Work zone safety has become a concern in the European Union. This is the tenor of a news item in the magazine “World Highways” published in New York. The article can be read here. In Europe one seldom sees a flagger on the roads. Traffic control is done by equipment and signage. And apparently this has proven to be less than satisfactory. According to the author, this has also been a concern in the United States.
There is a discussion of various measures that are being tested to educate the public and take action against violators. Among these are the employment of cameras and speedometers in work zones. This makes for interesting reading.
The European Union Road Federation has set up a working committee called the ERF Working Group of Work Zone Safety to:
- To raise public and political awareness of the importance of improving safety in work zones
- To reinforce cooperation with politicians, stakeholders and standardisation bodies in order to contribute to wider standardisation at European level
- To carry out more comprehensive and focused research on national guidelines, legislations and case studies in this area in order to compare the discrepancies between different countries (different definitions and divisions of: road network, type of road works, work zone areas, safety measures, etc…)
- To identify the best practices and produce work zone guidelines adapted to the state of the art in good practices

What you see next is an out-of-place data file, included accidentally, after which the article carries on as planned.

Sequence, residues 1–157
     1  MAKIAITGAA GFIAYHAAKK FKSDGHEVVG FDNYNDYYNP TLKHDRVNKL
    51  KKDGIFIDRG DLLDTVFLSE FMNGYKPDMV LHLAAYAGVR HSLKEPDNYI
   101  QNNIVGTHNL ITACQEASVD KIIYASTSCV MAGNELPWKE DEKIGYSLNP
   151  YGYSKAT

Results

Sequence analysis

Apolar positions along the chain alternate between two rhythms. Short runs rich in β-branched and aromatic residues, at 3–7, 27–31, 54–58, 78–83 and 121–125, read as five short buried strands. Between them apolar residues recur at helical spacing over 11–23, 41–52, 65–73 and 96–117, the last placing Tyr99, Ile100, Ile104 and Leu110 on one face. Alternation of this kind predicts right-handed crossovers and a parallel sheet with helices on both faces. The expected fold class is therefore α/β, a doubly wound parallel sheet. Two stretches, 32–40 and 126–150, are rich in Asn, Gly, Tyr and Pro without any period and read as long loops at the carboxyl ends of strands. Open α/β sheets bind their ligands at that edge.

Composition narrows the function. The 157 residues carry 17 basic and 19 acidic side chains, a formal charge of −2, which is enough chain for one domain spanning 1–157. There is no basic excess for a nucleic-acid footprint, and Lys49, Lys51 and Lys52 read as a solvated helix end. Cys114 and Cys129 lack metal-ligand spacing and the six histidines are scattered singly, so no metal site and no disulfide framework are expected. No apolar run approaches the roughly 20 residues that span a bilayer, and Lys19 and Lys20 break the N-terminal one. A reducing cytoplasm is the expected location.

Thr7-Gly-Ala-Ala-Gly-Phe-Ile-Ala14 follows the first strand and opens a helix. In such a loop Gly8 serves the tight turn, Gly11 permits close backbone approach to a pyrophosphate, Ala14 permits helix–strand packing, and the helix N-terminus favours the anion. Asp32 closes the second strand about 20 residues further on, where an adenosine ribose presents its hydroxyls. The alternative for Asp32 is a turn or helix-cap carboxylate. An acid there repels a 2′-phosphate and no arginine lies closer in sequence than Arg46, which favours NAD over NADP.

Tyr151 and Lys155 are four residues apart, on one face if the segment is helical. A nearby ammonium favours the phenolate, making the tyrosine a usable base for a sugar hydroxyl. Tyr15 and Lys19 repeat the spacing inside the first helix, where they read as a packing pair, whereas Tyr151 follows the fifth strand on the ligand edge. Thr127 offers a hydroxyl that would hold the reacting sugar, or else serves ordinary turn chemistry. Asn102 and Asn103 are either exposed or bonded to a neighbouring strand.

- To improve visibility of the problem at EU level and undertake actions of dissemination (publications, events, etc…).
In Europe, and to some extent, in the United States, one never sees a flagger on worksites. Our own WorkSafe BC is to be commended for the position they have taken with respect to flaggers and traffic control around worksites. We don’t seem to have the same severity of issues on our roads and I think it can be attributed to our “flaggers.
The public education programs being undertaken in Europe should be looked at in this Province. Our own motorists are ignorant of the purpose and function of Traffic Control Persons on our roads. The rather anemic “Cone Zone” program was simply inadequate. An education program should be comprehensive and cover everything from driver training and exams to advertising and to education of public officials, judges and police officers.
We in the traffic control industry often feel like voices crying in the wilderness. We have the experience and expertise when it comes to work zones and traffic. It’s our business to know this material. But we are seldom consulted.